Wednesday, June 17, 2009
Wondrous Words Wednesday (June 17)
Kathy at Bermudaonion’s Weblog hosts this weekly meme in which she asks us to share new words we’ve come across in our reading. Feel free to join in the fun.
All my words this week are from The Local News by Miriam Gershow.
Cacodemon – “‘Cacodemon’s a good one,’ I said, but my heart wasn’t in it” (p. 46).
According to Wikipedia, a cacodemon is “an evil spirit or demon (in the modern sense of the word). The opposite of a cacodemon is an agathodaemon or eudaemon, a good spirit or angel.”
Paladin – “He was a first-level paladin” (p. 100).
According to my dictionary, a paladin is “any of the twelve peers of Charlemagne’s court, of whom the Count Palatine was the chief; a knight errant, a champion; or a dedicated advocate or supporter of a cause.”* However, since they are referring to Dungeons & Dragons here, I had to turn to Wikipedia for a more precise definition: a paladin is “one of the standard playable character classes in most editions of the Dungeons & Dragons fantasy role-playing games. The paladin is a holy knight, crusading in the name of good and order.”
Eluviation – “‘Humus first and then topsoil and eluviation and then, and then . . .’” (p. 109).
Dictionary.com defines eluvium as “a deposit of soil, dust, etc., formed from the decomposition of rock and found in its place of origin” (which is surely what the character was thinking of) and thus eluviation is “the lateral or downward movement of dissolved or suspended material within soil when rainfall exceeds evaporation.”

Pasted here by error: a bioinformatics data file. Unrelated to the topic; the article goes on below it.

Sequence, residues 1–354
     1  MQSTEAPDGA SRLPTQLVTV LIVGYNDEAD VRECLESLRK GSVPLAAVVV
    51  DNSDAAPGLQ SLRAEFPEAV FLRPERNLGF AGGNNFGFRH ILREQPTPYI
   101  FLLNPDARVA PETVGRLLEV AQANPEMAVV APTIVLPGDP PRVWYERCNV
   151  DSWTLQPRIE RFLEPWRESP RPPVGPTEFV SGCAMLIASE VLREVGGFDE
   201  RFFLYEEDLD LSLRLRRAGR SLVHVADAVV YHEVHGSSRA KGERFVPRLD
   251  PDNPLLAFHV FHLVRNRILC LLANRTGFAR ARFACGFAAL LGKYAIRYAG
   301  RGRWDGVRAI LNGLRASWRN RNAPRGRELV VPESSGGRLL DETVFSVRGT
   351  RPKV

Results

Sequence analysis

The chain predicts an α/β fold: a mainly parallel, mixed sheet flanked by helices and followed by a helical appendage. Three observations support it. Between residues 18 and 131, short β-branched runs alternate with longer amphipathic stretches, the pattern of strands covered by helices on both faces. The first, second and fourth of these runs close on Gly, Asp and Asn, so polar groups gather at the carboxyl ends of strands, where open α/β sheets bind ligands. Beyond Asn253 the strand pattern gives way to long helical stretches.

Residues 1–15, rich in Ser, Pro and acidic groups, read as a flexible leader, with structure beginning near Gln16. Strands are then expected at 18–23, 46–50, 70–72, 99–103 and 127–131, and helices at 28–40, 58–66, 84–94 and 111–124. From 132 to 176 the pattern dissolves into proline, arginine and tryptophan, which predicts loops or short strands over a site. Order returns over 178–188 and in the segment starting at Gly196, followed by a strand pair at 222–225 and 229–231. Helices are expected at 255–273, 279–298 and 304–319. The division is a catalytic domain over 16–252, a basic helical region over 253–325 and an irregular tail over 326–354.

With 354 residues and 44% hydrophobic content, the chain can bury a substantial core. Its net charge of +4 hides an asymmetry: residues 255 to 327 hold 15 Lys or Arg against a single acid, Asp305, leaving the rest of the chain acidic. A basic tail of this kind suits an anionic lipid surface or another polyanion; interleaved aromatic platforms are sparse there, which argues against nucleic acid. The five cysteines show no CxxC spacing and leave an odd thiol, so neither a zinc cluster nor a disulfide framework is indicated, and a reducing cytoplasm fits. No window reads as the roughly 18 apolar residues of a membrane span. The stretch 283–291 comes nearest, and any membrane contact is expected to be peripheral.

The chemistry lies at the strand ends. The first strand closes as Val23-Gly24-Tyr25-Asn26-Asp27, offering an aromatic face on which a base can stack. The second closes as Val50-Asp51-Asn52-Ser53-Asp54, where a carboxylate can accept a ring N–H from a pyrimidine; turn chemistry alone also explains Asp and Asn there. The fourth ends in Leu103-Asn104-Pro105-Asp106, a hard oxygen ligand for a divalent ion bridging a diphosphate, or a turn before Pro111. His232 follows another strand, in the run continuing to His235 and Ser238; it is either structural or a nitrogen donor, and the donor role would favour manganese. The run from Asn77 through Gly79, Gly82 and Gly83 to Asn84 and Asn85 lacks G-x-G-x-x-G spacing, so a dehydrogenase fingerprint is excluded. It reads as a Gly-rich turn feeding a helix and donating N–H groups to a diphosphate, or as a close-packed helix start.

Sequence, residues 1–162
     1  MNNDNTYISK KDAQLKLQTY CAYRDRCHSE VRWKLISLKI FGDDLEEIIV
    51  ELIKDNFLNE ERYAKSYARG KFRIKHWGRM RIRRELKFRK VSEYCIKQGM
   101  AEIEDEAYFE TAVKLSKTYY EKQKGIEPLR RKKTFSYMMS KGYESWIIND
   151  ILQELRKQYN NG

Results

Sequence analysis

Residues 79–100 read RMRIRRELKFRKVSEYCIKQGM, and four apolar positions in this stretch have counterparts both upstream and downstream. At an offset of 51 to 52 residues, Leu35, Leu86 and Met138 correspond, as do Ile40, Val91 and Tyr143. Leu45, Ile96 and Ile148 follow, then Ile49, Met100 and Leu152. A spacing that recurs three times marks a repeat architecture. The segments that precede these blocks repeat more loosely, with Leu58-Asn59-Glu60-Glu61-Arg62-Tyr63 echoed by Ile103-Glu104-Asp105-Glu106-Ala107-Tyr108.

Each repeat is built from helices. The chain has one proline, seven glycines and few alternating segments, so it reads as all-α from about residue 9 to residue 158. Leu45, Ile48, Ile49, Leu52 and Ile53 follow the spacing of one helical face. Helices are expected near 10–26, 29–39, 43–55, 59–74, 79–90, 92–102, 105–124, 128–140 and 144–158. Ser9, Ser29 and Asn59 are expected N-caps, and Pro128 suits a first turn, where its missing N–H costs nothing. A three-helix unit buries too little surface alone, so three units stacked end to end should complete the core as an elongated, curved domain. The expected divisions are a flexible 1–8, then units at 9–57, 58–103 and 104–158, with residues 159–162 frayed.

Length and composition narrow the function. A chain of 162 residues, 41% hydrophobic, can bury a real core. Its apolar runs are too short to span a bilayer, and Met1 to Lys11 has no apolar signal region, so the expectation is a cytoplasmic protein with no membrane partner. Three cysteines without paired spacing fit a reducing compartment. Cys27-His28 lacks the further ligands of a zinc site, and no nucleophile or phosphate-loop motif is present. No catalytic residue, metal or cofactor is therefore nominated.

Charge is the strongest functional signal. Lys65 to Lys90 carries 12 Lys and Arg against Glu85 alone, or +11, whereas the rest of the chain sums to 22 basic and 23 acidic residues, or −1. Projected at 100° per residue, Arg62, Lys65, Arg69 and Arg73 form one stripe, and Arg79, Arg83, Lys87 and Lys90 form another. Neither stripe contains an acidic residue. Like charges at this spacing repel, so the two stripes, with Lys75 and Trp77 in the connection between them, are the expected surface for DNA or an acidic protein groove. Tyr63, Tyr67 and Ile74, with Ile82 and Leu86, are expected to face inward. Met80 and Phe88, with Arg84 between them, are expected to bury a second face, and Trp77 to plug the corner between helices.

Regolith – “‘Regolith,’ she finally said” (p. 109).
Regolith is “unconsolidated solid material covering the bedrock of a planet.”
Trifecta – “. . . my mother having ventured uncharacteristically into the world to buy tampons, dish soap, and dog food, a trifecta of scarcity that even she could not ignore” (p. 223).
A trifecta is “a group of three related events or people.” (Hmm, I’m not sure how tampons, dish soap and dog food are related, except in the most general of ways...)
What new words have you discovered lately? Share your Wondrous Words on Kathy’s blog.
*Unless otherwise noted, all definitions are from the Canadian Oxford Dictionary (2004).